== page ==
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An online intervention using information on the mental health-mental illness continuum to reduce stigma

  • G. Schomerus (a1) (a2), M.C. Angermeyer (a3) (a4), S.E. Baumeister (a5) (a6), S. Stolzenburg (a1) (a2), B.G. Link (a7) (a8) and J.C. Phelan (a7)...

Abstract

Background

A core component of stigma is being set apart as a distinct, dichotomously different kind of person. We examine whether information on a continuum from mental health to mental illness reduces stigma.

Method

Online survey experiment in a quota sample matching the German population for age, gender and region (n = 1679). Participants randomly received information on either (1) a continuum, (2) a strict dichotomy of mental health and mental illness, or (3) no information. We elicited continuity beliefs and stigma toward a person with schizophrenia or depression.

Results

The continuum intervention decreased perceived difference by 0.19 standard deviations (SD, P < 0.001) and increased social acceptance by 0.18 SD (P = 0.003) compared to the no-text condition. These effects were partially mediated by continuity beliefs (proportion mediated, 25% and 26%), which increased by 0.19 SD (P < 0.001). The dichotomy intervention, in turn, decreased continuity beliefs and increased notions of difference, but did not affect social acceptance.

Conclusion

Attitudes towards a person with mental illness can be improved by providing information on a mental health-mental illness continuum.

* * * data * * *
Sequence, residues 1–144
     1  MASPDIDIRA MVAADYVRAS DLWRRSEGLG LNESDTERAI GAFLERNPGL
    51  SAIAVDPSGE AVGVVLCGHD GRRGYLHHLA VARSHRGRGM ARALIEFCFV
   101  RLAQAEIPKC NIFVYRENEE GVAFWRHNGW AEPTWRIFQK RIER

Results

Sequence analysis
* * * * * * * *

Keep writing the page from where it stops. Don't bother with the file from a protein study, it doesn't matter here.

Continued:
Copyright

Corresponding author

*Corresponding author. Klinik und Poliklinik für Psychiatrie, Universitätsmedizin Greifswald, Rostocker Chaussee 70, 18437 Stalsund, Germany. Tel.: +49 3831 452109; fax: +49 3831 452105. E-mail address: georg.schomerus@uni-greifswald.de (G. Schomerus).

References

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An online intervention using information on the mental health-mental illness continuum to reduce stigma

  • G. Schomerus (a1) (a2), M.C. Angermeyer (a3) (a4), S.E. Baumeister (a5) (a6), S. Stolzenburg (a1) (a2), B.G. Link (a7) (a8) and J.C. Phelan (a7)...

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An online intervention using information on the mental health-mental illness continuum to reduce stigma

  • G. Schomerus (a1) (a2), M.C. Angermeyer (a3) (a4), S.E. Baumeister (a5) (a6), S. Stolzenburg (a1) (a2), B.G. Link (a7) (a8) and J.C. Phelan (a7)...
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